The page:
Juniper berries are common throughout Europe and North America. Depending on the species, some juniper plants stay small, spreading out like shrubs, while others grow into tall trees. There are an estimated 50 to 67 juniper species.
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What Are Juniper Berries?
Juniper berries are the female seeds of the juniper tree. The male seeds are the traditional cone shapes associated with evergreen trees and release pollen in early spring or autumn.
Where Do Juniper Berries Grow?
Juniper trees and shrubs grow wild throughout the Northern hemisphere, found on every continent except for Antarctica. Juniper species grow high in mountains and even on craggy rock outcrops with no soil.
Where Are Juniper Berries Found?
Found in marinades, juniper berries are added to flavor roasts, sauerkrauts, and as a key ingredient in the alcohol drink gin. Found in Native American medicine, juniper berries aid in digestion, easing cold symptoms and muscle pain.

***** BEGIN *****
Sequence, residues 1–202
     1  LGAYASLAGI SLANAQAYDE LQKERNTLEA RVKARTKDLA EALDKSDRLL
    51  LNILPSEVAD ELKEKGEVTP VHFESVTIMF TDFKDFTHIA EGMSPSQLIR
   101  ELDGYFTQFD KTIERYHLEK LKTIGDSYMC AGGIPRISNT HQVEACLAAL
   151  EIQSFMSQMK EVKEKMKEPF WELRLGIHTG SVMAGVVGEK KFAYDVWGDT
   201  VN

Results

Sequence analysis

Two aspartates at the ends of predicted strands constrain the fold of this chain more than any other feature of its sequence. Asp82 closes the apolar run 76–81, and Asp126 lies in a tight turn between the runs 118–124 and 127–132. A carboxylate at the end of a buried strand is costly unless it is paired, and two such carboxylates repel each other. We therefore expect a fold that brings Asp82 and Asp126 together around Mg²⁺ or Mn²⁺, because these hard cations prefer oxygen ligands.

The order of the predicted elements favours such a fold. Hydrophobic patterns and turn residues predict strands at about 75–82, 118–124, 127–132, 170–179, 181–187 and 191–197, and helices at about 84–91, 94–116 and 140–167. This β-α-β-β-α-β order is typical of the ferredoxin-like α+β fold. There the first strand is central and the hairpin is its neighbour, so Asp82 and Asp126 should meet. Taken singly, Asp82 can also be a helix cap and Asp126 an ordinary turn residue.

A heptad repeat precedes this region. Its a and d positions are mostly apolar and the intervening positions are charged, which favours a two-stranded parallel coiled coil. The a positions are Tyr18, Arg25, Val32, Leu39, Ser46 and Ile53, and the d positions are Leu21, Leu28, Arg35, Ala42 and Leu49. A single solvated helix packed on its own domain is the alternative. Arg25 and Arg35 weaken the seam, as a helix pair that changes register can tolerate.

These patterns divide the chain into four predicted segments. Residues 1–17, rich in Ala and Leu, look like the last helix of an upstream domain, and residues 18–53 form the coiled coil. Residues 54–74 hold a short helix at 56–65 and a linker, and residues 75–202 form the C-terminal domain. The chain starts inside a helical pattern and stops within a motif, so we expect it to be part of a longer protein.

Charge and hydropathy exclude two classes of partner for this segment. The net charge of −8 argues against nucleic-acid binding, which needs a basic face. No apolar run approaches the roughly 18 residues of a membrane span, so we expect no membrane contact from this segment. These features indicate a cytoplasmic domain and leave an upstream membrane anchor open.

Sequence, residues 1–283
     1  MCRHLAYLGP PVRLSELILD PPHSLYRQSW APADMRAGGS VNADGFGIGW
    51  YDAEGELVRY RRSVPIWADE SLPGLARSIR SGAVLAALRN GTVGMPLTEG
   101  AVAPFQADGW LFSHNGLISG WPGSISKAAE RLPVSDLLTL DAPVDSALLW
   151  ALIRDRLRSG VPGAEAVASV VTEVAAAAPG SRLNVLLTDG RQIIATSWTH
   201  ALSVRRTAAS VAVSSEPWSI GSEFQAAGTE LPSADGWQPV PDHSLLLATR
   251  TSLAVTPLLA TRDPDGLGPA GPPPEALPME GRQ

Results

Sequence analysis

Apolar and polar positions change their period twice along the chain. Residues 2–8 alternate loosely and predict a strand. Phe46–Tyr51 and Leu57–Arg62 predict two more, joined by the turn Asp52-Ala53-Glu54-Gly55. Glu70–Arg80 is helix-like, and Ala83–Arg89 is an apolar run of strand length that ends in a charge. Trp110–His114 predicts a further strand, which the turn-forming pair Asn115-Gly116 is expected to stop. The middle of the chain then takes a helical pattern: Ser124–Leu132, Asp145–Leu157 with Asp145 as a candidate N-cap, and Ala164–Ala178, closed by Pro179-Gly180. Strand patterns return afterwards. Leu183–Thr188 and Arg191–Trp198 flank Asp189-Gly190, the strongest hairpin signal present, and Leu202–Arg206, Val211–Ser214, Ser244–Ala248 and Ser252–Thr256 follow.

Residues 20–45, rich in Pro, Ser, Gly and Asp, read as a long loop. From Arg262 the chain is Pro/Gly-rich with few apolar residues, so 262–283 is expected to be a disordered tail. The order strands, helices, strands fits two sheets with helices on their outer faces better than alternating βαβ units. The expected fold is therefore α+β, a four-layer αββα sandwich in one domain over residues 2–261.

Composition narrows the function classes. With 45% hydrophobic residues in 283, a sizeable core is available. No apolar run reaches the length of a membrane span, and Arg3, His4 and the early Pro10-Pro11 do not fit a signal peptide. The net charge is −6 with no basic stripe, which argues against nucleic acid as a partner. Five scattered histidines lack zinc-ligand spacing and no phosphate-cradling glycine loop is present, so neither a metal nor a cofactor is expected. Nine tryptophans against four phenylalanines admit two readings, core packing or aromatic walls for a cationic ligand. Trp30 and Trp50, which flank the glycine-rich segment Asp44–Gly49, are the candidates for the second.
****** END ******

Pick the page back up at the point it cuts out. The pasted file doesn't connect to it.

Throughout history, juniper berries have been used for medical purposes. Medieval doctors and World War II hospitals burned juniper branches as an antiseptic.
While all juniper shrubs have berries, some such as the Juniperus sabina are poisonous. Juniper berries contain dilating properties, so pregnant women are advised to avoid juniper berries.